Roger Baum: A legend revisited


A friend suggested during a dinner party that Roger Baum -- the great-grandson of "Wizard of Oz" creator L. Frank Baum -- should write a book based on the characters who live in the Land of Oz.

Roger Baum got past his initial misgivings and wrote "Dorothy of Oz" in 1989. It’s taken 25 years, but a film version of the book, the animated "Legends of Oz: Dorothy’s Return," opens today (review, D6).

"My initial reaction was a presumption that I could do it. Then I began to wonder if I could really do it. There are millions of Oz fans worldwide. My great-granddad’s books have been translated into 72 different languages. I didn’t want to insult my great-granddad, but I think it worked out OK," the 75-year-old Baum says.

Fans of the Oz books will see familiar faces -- Dorothy and Toto -- but also new characters such as the wicked Jester (voiced by Martin Short), the heroic Marshal Mallow (Hugh Dancy), the wobbly owl Wiser (Oliver Platt) and the ancient tree Tugg (Patrick Stewart). Baum’s plan was to use the original characters from his grandfather’s books to bridge his works to the original tales, but he then add new characters and events even if they didn’t line up exactly with the original books.

"My great-granddad wrote 14 books and he never meant for them to be a series. But the kids kept asking for another one," Baum says. "Some of his books are contradictory. So I thought it was safer to add new characters. I also kept that all of the stories are about love, heart, wisdom and courage."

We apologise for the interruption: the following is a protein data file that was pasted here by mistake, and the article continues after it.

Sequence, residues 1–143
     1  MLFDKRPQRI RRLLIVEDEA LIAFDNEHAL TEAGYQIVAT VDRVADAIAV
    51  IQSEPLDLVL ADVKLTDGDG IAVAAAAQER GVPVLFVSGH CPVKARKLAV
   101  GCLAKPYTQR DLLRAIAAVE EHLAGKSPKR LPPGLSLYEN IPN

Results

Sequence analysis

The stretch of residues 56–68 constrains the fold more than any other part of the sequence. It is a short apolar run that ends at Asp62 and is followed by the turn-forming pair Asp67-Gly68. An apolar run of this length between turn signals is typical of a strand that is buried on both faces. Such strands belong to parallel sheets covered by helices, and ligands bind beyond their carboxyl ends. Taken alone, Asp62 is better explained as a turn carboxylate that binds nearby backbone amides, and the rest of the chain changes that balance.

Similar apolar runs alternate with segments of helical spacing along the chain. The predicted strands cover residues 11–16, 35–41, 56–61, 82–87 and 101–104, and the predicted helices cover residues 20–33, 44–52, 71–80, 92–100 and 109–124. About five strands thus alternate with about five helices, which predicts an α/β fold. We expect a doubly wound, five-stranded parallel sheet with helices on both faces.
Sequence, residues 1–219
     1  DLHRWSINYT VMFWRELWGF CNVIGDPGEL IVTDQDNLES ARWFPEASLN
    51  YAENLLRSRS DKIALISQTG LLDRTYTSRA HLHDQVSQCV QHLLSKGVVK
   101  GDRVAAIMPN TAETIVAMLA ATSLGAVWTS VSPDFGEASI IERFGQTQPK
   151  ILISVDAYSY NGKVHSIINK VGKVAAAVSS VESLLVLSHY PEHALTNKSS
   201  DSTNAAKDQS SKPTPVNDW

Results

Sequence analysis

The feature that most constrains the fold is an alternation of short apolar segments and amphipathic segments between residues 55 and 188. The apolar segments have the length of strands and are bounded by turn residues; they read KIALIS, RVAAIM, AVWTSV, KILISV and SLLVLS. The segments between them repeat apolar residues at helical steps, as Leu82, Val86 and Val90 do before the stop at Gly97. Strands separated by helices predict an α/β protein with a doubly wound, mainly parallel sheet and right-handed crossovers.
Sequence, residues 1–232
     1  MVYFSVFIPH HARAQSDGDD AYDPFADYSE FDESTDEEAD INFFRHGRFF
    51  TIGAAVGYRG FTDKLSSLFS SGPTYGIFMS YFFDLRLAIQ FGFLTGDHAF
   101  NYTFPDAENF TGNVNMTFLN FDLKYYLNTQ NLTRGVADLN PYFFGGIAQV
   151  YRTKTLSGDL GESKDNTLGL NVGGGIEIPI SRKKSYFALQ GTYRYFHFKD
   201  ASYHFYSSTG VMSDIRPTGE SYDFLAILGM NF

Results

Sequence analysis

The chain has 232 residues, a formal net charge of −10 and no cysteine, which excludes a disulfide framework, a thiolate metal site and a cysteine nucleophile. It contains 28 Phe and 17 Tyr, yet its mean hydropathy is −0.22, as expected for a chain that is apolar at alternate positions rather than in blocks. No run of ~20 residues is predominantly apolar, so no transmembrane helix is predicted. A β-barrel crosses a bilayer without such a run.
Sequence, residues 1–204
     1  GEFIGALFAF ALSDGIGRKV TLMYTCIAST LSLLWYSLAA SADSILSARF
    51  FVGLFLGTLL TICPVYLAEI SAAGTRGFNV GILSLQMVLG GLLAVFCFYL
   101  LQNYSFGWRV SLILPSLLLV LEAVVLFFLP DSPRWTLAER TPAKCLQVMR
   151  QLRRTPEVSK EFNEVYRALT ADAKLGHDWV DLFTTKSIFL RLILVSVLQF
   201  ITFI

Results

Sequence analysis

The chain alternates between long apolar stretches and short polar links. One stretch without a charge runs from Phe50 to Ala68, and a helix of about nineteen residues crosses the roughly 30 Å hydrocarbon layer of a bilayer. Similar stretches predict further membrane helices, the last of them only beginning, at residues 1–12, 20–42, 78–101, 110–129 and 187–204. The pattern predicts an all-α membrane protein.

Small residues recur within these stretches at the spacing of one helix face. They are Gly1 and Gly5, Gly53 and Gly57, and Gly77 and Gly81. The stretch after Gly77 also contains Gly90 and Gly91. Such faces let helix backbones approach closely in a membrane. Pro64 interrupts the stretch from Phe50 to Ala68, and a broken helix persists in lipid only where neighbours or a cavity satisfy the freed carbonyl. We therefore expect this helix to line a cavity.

The adaptation of "Dorothy of Oz" to script form, by Adam Balsam and Randi Barnes, included several changes. They move the scenes of Dorothy in Kansas to a more modern time and have the evil Jester turn the people of Oz into marionettes instead of china dolls.

Baum had final script approval, but he was very cautious about suggesting changes to the early pages.

"You can change one thing at the beginning and it has a ripple effect. I found myself concentrating on the ending because those were simple to maneuver and change. The important thing was that good wins over evil," Baum says.

He understands why so many people love the books his great-grandfather wrote because his parents read him the books every night.

L. Frank Baum died 19 years before Roger Baum was born, but he heard lots of stories about his great-grandfather.

"I hope this is a compliment to my great-granddad," Baum says. "It was a scary proposition but also my honor."


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